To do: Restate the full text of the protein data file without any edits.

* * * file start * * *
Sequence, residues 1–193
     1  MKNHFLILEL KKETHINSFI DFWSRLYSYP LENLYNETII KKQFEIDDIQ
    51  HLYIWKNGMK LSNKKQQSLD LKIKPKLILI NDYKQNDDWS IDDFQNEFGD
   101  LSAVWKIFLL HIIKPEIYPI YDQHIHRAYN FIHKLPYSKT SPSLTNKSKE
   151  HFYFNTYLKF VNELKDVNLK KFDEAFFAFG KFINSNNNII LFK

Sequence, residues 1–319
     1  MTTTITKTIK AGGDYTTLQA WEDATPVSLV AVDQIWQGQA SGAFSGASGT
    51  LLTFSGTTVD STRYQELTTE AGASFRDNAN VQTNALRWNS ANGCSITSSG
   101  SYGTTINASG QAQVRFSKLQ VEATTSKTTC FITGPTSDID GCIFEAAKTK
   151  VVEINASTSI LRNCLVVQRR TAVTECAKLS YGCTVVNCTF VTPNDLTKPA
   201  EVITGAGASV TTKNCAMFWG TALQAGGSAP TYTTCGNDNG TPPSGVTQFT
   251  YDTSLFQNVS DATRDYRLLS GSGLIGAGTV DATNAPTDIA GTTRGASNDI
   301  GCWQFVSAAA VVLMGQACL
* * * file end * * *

Sequence, residues 1–193
     1  MKNHFLILEL KKETHINSFI DFWSRLYSYP LENLYNETII KKQFEIDDIQ
    51  HLYIWKNGMK LSNKKQQSLD LKIKPKLILI NDYKQNDDWS IDDFQNEFGD
   101  LSAVWKIFLL HIIKPEIYPI YDQHIHRAYN FIHKLPYSKT SPSLTNKSKE
   151  HFYFNTYLKF VNELKDVNLK KFDEAFFAFG KFINSNNNII LFK

Sequence, residues 1–319
     1  MTTTITKTIK AGGDYTTLQA WEDATPVSLV AVDQIWQGQA SGAFSGASGT
    51  LLTFSGTTVD STRYQELTTE AGASFRDNAN VQTNALRWNS ANGCSITSSG
   101  SYGTTINASG QAQVRFSKLQ VEATTSKTTC FITGPTSDID GCIFEAAKTK
   151  VVEINASTSI LRNCLVVQRR TAVTECAKLS YGCTVVNCTF VTPNDLTKPA
   201  EVITGAGASV TTKNCAMFWG TALQAGGSAP TYTTCGNDNG TPPSGVTQFT
   251  YDTSLFQNVS DATRDYRLLS GSGLIGAGTV DATNAPTDIA GTTRGASNDI
   301  GCWQFVSAAA VVLMGQACL